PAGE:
According to Clint Philbin, Joan and The Rivers “started just recording themselves,” then later expanded to record tracks for other friendly bands.

“They book shows, do merch, record the music, they do pretty much everything,” Kilpatrick said, adding, “It’s like a one-stop shop.”

Failure Machine contacted Joan and the Rivers on Facebook, asking if they wanted to play a show together. In a short time, Failure Machine was welcomed into the SNAFU Family. Clint Philbin knows the exact date of the first show they played with Joan and The Rivers.

“November sixteenth, 2014,” Philbin said, adding, “That was the first show poster I ever made.”

Philbin makes most of Failure Machine’s show posters and EP covers. “Clint’s stupid good at makin’ posters,” Kilpatrick said. Clint made this poster here to promote the upcoming Gremfest, an annual SNAFU Family music festival held at the FM Concert Hall.

Failure Machine typically play 35-minute sets. Nearly all their songs are about two minutes long. For Rachael McElhiney, every performance offers a different audience and a different experience.

“I love sweating a whole bunch with my best buds,” McElhiney said, adding, “And if your friends, who came to see you, are sweaty and gross too, that means it's a really good one. I love my friends!”

According to Adam Landis, Silver keyboardist, keeping a band together for as long as Failure Machine - five years - can be very difficult. Landis believes that strong friendships between bandmates is key to keeping a band intact.

“Everyone has their own lives to attend to while keeping the interests of the group in mind, but sometimes life gets in the way of maintaining that relationship and people find themselves at a crossroads,” Landis said.

The members of Failure Machine enjoy performing almost as much they enjoy what accompanies those performances. Clint Philbin likes feeling nervous beforehand, then drinking beer and relaxing afterwards. For Spencer Kilpatrick, the best part of playing is hanging out and drinking with other bands after the shows.

“For us, beer can be medicine,” Kilpatrick said.

One of the band’s favorite venues is The Loving Cup, formerly known as the Biggest Little City Club, formerly known as many other names. McElhiney describes The Loving Cup as a second home, and that the sound guy “made us sound good.”

“We have a ton of fun at The Loving Cup,” Philbin said.

Another favorite venue of the band is the FM Concert Hall, which doubles as the residence of Failure Machine’s own Spencer Kilpatrick. According to Kilpatrick, the primary reason they love playing the FM Concert Hall is because “nobody shafts us afterwards.”

“Sometimes, with the amount of dollars that are spent on beer, not enough dollars go to the bands,” Kilpatrick said.

Local musician Adam Landis has played the keyboard for Reno bands Rigorous Proof and Silver, and he agrees with this issue of proper compensation and recognition.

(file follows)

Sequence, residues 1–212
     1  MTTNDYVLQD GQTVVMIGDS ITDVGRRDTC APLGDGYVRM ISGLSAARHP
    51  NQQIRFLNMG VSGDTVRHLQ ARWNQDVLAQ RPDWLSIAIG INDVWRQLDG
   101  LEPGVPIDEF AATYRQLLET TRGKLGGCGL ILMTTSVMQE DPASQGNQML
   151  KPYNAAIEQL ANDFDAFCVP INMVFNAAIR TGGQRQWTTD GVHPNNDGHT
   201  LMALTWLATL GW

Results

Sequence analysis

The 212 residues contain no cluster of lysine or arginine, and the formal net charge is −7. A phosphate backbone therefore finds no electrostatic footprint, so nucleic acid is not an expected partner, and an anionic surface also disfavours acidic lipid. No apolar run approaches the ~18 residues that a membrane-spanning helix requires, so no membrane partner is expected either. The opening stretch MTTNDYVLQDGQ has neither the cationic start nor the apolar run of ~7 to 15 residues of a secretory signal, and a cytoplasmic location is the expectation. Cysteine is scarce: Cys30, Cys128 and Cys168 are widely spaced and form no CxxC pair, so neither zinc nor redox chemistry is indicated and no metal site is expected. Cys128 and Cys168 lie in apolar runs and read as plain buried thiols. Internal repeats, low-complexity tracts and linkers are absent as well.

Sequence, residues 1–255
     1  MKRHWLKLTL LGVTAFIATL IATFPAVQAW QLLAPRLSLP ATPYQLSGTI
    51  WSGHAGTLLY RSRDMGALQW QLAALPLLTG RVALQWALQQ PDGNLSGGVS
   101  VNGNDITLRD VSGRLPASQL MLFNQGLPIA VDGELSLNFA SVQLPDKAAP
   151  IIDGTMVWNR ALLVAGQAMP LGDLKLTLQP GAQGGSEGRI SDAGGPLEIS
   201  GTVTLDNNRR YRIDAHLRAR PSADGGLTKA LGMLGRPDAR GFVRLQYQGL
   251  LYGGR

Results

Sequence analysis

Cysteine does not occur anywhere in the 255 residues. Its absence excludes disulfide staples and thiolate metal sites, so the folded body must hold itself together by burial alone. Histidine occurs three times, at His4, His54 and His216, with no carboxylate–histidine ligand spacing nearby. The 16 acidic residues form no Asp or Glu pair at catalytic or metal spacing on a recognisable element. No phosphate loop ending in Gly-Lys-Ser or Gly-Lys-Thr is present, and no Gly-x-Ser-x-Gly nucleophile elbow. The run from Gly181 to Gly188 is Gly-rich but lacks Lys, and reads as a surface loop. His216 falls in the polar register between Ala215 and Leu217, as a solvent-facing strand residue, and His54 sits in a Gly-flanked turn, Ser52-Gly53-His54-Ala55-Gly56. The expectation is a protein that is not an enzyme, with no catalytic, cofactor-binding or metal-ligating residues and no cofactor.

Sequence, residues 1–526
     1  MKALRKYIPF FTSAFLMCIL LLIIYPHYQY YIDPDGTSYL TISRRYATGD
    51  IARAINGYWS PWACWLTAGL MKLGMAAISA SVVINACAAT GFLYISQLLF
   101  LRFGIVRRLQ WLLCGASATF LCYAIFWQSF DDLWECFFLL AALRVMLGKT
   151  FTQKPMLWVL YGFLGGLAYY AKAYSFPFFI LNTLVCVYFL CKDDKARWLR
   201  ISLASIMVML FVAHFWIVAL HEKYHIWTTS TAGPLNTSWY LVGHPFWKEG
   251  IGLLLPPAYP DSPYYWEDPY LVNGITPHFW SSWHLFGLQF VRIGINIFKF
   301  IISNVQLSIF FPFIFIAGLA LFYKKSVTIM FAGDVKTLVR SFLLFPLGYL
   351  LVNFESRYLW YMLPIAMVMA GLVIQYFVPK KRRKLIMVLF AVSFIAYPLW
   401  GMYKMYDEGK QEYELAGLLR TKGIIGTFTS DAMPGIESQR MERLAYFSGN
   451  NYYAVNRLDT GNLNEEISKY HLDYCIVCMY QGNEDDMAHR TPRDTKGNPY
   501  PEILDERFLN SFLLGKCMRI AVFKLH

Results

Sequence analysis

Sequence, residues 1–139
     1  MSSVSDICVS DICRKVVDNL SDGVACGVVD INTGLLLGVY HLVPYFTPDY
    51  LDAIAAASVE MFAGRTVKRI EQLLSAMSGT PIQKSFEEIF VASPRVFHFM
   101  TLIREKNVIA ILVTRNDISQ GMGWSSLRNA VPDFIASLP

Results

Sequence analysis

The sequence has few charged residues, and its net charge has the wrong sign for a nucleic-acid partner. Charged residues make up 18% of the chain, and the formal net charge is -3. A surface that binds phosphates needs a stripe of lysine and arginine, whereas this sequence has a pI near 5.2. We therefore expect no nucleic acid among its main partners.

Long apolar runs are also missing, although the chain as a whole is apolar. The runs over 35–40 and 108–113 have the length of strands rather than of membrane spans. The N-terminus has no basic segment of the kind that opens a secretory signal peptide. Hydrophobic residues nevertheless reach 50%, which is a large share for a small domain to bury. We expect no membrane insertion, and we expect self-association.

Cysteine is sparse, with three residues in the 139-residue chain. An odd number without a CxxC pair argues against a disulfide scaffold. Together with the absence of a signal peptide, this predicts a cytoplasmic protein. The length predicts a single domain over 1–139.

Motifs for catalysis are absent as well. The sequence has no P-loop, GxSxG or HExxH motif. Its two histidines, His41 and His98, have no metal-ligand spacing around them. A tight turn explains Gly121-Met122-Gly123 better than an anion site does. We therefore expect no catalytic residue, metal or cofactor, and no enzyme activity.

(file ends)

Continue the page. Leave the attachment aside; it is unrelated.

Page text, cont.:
“It is sometimes difficult to get a venue to pay a fair compensation, which can be discouraging for local bands,” Landis said.

From a band’s perspective, playing a venue ran by a band can be much more fair to everyone putting on a show there. At the FM Concert Hall, bands aren’t cheated out of any money they bring the venue, because there is no money to be cheated out of. Donations, however, are encouraged.

“All the beer is free, and all the music’s free,” Kilpatrick said.

“That’s what we’re trying to do this year at Gremfest is like, get the band's money,” McElhiney said.

“Put the beer back in the hands of the people,” Philbin said.

According to the Facebook event page, Gremfest ’17 will take place May 12 and 13 at The FM Concert Hall “to celebrate the birthdays of Kelsey Garfinkle, Eric Smith, Spencer York, and Dennis Rodman.” Doors open and barbecue begins at 6pm on Friday, May 12, and at 5pm on Saturday, May 13.

“We usually get a couple kegs and just kinda – we just really dig in,” Kilpatrick said. “We lock the doors and start lighting a bunch of candles,” Kilpatrick jokes. “My house is so dangerous.”

Gremfest ’17 is the third annual Gremfest that Failure Machine has put on. This year’s musical line-up features West coast bands Bandmaster Ruckus, The Loose, Rigorous Proof, Hungry Skinny, People With Bodies, Joan & The Rivers, Dainesly, The Brankas, Eugene Ugly, Pandoval, Jake Houston & The Royal Flush, Van Goat, Shotgun Sawyer, and Hopeless Jack.

“The music scene in Reno is growing and full of extremely talented and creative musicians, but I think that people not already in the scene are not aware of the great music we have here,” Adam Landis said.

Tickets to Gremfest will be available from Failure Machine on May 11 at the Lincoln Lounge, where they will perform with Franc Friday and La Safari.

In the future, Failure Machine sees themselves going “straight to the top.” Armed with denny- J’s, cassette tapes, and their own annual music festival, who’s to stop them?

“It's always a pleasure playing with those guys,” Landis said, adding, “They're some of the best humans I know. I would definitely play another show with them again.”

 

Photo by Mac Putman